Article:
IT Futures Conference 2014
The annual IT Futures Conference at the University of Edinburgh was held on Thursday December 11th at the University of Edinburgh. This is a conference that my colleagues and I look forward to attending as it always stimulates lots of conversation both during the conference and afterwards.
I decided to write about my favourite presentation from the event. If you would like more information of the conference as a whole, the presentations as well as recordings of the presentation will be posted at the IT Future website.
My favourite speaker/presentation of the day was “Geographic Information: Warning Hazardous Material” by Dr. William Mackaness who is a Senior Lecturer in the School of Geoscience. Dr. Mackaness’ area of expertise is within geographical information which is something that I have never come across. I actually had to google what it is. According to Wikipedia, “a geographical information system (GIS) is a computer system designed to capture, store, manipulate, analyze, manage and present all types of spatial and geographical data.” Of course I have come across systems such as these, e.g. Open Street Map, but didn’t realize there was an overarching term for these types of information systems.
Open Street Map is a GIS where people can collectedly contribute to the vision (i.e. world map) and it is accessible to everyone, but is there possibly something wrong with this vision? According to Dr. Mackaness there may be several factors to consider when using this type of technology as technology is inherently undemocratic.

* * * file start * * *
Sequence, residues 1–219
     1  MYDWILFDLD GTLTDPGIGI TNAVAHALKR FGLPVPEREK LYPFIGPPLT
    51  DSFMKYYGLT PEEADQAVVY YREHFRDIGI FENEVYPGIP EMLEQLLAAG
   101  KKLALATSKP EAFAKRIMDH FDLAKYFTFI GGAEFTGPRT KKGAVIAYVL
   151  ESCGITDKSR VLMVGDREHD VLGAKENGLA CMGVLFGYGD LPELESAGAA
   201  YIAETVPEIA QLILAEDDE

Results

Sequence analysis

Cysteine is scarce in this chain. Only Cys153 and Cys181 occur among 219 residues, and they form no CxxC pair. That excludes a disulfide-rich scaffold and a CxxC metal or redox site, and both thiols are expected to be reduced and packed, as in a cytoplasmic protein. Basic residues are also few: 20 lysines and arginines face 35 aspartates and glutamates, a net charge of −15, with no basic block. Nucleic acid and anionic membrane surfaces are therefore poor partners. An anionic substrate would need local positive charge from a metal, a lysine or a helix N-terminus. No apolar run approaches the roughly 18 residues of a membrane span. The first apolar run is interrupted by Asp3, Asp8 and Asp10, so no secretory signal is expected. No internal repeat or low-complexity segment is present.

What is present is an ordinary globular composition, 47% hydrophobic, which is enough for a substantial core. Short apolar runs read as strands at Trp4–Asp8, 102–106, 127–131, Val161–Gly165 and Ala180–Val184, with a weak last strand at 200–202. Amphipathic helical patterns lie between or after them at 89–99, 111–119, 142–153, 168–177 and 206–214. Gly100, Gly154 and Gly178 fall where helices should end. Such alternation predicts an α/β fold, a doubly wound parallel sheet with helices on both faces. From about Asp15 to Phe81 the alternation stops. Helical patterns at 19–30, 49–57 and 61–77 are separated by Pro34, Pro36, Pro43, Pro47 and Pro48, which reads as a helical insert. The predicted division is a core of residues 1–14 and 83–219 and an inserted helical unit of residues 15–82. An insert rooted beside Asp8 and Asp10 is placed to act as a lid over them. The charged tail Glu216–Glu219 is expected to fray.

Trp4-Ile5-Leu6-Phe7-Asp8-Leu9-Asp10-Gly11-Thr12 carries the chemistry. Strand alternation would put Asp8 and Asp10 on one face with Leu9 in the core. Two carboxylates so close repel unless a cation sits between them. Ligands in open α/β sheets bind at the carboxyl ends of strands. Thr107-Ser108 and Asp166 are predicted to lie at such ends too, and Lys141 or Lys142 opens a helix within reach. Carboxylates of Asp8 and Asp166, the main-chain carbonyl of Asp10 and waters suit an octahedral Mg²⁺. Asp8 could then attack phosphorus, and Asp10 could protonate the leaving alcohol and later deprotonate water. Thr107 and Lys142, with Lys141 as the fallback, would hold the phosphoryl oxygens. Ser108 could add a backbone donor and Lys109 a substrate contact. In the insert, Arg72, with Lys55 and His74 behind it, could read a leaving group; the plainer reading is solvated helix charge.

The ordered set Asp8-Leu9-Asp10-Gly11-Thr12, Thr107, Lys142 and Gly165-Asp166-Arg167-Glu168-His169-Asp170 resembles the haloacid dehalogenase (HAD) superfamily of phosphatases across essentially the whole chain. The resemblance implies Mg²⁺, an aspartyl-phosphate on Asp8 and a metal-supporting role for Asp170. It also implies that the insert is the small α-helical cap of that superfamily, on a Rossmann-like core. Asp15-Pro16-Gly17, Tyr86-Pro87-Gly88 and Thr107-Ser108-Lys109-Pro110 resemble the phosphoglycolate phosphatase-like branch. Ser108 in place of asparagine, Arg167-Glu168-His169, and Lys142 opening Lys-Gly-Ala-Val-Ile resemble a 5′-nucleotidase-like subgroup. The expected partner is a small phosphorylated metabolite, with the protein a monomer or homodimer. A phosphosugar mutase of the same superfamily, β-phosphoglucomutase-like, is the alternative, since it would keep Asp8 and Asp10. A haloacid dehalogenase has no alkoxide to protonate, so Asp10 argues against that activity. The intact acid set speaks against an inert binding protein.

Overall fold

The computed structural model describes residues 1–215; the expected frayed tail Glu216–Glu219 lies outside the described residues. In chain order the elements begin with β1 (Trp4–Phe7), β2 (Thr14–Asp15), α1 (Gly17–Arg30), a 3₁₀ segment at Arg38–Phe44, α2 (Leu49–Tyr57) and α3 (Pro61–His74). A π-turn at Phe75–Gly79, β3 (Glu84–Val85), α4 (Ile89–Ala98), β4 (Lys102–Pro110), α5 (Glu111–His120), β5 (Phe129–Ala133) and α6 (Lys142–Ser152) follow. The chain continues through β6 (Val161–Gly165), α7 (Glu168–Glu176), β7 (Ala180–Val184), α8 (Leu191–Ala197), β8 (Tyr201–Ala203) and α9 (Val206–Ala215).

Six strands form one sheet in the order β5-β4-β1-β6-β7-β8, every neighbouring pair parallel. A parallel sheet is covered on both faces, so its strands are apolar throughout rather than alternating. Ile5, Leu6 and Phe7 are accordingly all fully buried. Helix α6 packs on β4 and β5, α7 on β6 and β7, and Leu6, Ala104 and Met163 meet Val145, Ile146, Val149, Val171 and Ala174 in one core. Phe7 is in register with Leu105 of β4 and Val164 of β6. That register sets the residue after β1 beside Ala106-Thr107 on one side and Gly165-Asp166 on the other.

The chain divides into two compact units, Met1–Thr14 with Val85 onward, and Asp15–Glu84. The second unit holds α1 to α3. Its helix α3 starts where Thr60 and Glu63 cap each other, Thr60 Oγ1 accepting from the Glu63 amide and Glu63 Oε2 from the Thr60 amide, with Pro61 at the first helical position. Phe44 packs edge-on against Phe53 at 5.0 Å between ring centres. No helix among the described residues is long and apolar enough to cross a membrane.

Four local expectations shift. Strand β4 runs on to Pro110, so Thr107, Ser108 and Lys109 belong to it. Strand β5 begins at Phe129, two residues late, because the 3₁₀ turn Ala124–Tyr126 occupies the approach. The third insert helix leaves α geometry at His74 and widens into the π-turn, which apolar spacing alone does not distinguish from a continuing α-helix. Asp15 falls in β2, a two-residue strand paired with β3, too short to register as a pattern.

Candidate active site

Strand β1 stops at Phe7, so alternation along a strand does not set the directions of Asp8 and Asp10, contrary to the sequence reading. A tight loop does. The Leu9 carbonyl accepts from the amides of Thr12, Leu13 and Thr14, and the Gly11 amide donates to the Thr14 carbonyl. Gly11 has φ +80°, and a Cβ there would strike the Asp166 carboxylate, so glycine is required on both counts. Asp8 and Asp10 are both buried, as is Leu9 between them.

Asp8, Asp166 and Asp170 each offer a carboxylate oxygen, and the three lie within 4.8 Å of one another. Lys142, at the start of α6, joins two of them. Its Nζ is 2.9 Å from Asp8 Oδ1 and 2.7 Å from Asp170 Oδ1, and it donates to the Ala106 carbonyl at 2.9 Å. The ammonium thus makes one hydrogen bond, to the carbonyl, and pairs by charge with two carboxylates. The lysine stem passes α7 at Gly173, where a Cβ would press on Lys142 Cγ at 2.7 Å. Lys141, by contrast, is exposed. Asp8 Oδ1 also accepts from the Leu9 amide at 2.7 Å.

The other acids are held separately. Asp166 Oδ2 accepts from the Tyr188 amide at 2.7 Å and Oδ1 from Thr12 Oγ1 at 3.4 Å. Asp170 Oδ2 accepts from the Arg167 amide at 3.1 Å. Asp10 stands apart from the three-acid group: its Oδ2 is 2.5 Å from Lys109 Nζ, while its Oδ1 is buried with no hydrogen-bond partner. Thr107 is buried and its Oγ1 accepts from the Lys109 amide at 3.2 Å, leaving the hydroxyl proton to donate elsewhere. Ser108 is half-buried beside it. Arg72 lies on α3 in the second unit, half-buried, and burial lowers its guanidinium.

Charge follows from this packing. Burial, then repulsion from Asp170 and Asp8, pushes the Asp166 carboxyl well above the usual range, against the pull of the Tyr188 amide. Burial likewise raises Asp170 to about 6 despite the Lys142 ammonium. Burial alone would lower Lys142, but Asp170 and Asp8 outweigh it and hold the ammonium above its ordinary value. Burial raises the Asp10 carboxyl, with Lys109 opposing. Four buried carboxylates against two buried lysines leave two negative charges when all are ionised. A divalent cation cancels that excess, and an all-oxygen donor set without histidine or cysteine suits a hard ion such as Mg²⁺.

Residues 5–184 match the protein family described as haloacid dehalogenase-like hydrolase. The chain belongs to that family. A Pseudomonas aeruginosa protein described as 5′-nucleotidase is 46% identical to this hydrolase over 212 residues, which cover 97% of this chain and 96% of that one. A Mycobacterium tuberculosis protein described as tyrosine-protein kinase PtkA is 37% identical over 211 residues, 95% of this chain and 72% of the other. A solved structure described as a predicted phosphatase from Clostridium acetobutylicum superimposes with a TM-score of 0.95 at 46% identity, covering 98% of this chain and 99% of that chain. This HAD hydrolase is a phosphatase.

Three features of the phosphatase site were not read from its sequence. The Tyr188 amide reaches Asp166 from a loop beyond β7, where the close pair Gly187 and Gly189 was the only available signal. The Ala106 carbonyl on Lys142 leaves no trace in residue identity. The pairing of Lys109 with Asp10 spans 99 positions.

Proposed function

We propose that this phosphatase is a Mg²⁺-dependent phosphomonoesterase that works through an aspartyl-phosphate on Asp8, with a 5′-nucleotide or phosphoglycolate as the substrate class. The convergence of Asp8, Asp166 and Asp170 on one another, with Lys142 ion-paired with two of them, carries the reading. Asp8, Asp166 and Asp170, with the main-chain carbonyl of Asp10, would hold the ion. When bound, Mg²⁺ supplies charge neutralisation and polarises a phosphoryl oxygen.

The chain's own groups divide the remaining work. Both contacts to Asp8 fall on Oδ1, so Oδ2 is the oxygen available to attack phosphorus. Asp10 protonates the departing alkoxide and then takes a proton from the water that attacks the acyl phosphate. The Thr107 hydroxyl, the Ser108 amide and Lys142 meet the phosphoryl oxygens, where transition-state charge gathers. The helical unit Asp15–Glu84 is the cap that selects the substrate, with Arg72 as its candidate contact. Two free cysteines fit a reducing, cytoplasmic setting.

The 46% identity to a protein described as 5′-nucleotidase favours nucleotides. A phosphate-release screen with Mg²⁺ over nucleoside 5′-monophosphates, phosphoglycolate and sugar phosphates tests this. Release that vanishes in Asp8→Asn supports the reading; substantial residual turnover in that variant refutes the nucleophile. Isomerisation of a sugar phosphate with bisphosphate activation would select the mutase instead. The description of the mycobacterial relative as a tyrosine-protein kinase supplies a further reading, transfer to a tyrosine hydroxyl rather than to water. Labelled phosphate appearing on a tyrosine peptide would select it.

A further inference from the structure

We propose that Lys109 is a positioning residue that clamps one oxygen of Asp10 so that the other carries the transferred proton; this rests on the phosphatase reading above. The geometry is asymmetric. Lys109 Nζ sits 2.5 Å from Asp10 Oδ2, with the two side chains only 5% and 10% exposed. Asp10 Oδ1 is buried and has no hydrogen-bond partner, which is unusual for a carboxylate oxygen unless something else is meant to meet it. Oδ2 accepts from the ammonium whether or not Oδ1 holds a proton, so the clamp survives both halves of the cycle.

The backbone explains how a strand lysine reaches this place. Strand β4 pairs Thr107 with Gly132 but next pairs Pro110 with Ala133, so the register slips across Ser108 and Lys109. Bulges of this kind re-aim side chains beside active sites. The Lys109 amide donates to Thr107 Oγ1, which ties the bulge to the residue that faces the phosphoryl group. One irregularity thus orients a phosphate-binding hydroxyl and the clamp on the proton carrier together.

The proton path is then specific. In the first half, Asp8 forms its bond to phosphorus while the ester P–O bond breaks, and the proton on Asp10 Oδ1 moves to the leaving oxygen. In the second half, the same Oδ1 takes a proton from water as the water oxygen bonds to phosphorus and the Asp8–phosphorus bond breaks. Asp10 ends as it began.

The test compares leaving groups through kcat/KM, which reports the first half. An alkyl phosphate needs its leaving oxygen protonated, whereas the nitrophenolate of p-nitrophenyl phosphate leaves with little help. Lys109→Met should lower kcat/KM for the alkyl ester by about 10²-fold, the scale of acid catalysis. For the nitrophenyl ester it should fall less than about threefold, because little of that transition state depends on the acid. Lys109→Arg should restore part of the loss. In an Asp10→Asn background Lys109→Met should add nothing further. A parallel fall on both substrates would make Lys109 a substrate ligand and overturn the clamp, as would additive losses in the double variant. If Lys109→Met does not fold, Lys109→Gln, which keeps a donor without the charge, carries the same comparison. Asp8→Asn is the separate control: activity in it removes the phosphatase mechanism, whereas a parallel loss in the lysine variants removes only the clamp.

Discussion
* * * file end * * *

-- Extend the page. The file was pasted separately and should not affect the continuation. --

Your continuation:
He used the example of mapping a large slum within India as a context for thinking about the factors below as well as the thought that technology is elitist and there is still very much a digital divide.
Some of the factors to consider about GIS technology:
- Skewed view of the world? :
Does it give a skewed representation of society? For example, people often capture information from Twitter or other Social Media tools but not everyone is on Twitter and the people on Twitter are not a representation of the worldwide population.
- Precision erodes location privacy:
Nowadays people can pinpoint almost exactly where you are thanks to wifi and cellular data from smart phones and other devices. It is robbing people the option of anonymity?
- Misplaced Causality:
Making causal links between correlations. This is a bit of a pet peeve of mine as I did psychology as an undergrad. One of the first things you learn is that correlation does not mean causation!
- Marginalised the vulnerable:
Seeing certain areas on a map may ghettoize certain areas and communities. This may lead to people who have more wealth leaving these communities if they feel the area they live in has been ghettoized. In turn this may make the area even worse since people who have the option to leave the community can, whereas people who do not have the means to leave may be left worse off.
- Panopticon society:
The Panopticon is a prison designed to have a single watchtower to watch over the masses. The prisoner can’t see the guard so the prisoner had the feeling of being constantly surveyed. The real life idea behind this is would people participated if they knew they were being watched by the government or their employers?
Overall what value lies in mapping, especially vulnerable communities, such as large slums in India? Does a map help the way with which the people in the slums will operate? Does it help make them become more efficient?
In conclusion, it seems that GIS technology is one of necessity. That this type of technology sits within a set of relationships of political interests (government), power, and hidden agendas. The bottom line is that we need to think carefully on how we utilize this information; we need to be a bit more cautious.